CC: Who would win in fight Sawyer from Lost or Daryl Dixon from The Walking Dead?

JM: Daryl would cheat, so…him. He also takes a better punch than Sawyer.

CC Same question but the original Ricardo Montalban, Wrath of Kahn vs Benedict Cumberbatch in the Star Trek reboot?

JM: Ricardo was badass, but Cumberbatch was more restrained and calculating. So…Cumberbatch.

CC OK, True or False: There is only one Batman, Adam West?

JM: False. Sue me, but I have high expectations for Ben Affleck. The thing is, much as I enjoyed the old Batman show, I generally don’t like campy versions of super heroes. I like dark, edgy, and as realistic as the subject matter allows. It’s why I liked Christian Bale and why I will probably dig Affleck,

CC: Okay, Big Foot is now discovered he’s booked on your talk show, but everything he says is outdated, racist, sexist, and Homophobic…but he’s Big Foot. How would you handle this situation?

JM: I’d want to kick his hairy ass. Being a legendary monster doesn’t excuse that kind of behavior. Or, I might get him rocked on Dark Knight cocktails and try to talk sense to him.

CC: What superhero would you like to portray?

JM: Reed Richards or T’Challa (I know, bad casting choice, me being a white guy). Those are my two favorite heroes. Tough and smart.

CC: Big Foot, Chuck Norris and Danny Trejo are in a room. A brawl breaks out. Who is the last man standing when it’s over?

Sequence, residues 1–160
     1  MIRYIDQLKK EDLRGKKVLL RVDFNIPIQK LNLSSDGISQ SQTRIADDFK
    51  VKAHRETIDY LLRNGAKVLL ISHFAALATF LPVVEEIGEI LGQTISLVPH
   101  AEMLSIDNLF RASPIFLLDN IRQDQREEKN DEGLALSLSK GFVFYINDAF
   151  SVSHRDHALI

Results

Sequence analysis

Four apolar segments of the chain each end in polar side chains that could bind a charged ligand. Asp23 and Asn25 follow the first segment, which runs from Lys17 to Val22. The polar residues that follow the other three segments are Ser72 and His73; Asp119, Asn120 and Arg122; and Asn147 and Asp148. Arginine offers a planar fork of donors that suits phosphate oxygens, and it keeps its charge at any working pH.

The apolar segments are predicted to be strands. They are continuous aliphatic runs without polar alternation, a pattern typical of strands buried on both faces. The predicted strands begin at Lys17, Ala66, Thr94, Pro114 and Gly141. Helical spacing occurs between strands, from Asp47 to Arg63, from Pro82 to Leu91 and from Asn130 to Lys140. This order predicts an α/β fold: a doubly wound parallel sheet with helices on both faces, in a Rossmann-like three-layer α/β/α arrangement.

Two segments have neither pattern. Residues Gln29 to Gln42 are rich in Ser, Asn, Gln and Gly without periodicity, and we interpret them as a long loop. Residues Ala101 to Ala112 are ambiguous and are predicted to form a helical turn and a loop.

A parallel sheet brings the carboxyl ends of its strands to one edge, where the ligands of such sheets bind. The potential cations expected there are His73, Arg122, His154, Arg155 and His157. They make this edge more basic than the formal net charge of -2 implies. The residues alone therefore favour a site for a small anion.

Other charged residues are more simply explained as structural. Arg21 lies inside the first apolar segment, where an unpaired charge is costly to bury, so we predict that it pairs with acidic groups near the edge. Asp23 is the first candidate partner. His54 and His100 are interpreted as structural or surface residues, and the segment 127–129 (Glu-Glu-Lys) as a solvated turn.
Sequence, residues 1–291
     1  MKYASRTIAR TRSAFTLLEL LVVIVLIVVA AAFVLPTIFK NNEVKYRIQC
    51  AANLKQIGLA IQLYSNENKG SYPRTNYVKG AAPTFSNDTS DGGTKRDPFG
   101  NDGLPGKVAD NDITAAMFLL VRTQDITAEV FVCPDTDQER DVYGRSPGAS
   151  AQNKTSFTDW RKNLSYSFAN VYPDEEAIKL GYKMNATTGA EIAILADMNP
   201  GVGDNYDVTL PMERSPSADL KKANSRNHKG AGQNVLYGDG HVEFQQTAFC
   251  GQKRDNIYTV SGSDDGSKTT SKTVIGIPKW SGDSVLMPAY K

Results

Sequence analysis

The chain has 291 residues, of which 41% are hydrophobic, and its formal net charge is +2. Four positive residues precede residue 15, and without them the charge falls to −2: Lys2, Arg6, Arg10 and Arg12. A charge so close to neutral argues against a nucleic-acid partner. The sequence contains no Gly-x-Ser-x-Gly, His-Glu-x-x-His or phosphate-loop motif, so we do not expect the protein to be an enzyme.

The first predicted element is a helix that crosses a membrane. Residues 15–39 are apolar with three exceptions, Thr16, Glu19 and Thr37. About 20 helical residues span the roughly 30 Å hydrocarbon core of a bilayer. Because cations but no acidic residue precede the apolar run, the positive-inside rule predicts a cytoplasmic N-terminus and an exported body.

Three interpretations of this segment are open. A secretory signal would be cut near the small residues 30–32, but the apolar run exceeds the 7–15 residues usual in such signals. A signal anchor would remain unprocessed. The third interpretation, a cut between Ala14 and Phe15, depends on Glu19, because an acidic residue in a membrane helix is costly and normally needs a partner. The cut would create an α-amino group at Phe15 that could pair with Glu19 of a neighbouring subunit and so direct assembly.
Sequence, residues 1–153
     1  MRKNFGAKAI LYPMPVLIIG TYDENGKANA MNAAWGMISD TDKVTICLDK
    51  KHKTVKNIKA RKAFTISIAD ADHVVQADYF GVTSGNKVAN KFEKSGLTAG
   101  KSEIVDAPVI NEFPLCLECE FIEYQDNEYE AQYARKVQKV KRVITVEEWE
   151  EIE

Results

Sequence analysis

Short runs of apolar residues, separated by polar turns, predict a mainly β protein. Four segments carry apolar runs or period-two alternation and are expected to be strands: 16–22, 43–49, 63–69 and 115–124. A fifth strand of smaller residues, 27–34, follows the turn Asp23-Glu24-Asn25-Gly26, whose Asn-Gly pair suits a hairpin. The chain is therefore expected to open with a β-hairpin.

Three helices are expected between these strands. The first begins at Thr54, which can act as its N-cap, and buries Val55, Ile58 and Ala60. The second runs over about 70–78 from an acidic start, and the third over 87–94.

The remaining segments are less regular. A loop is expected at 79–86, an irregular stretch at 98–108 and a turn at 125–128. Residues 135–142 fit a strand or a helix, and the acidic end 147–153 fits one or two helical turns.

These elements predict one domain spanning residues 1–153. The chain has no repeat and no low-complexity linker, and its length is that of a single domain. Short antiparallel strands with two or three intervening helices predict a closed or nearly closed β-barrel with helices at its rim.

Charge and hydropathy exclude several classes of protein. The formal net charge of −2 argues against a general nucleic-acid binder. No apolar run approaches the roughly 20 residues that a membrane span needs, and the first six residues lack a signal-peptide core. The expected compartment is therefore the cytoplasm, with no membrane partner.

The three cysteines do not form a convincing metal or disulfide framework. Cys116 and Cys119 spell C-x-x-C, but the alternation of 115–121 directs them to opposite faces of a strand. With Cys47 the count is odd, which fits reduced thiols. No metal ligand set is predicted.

JM: I hate Chuck’s politics but he used to be a superb fighter. And I knew him. He’d kick Big Foot’s ass. Danny is great, but he’s an actor. Now, if the question was Chuck Norris or Machete…then, Machete, clearly.

.CC: Ok, seriously, the last question. How has moving changed your writing better worse and what surprises await your fans  

JM: I get to sit at my desk and watch whales and dolphins outside my window. That is a measure of what my writing career has done for me and my family. I grew up dirt poor in the inner city.

The 8th Joe Ledger book, Kill Switch, comes out in April. Other new releases include the anthologies I edited, The X-Files: The Truth is Out There, V-Wars: Night Terrors and Out of Tune Vol II. And my 2nd middle grade novel, The Nightsiders: Vault of Shadows, debuts in a few months. Plus my first board game just came out, V-Wars: A Game of Blood and Betrayal.

Jonathan Maberry edited Z-Files volume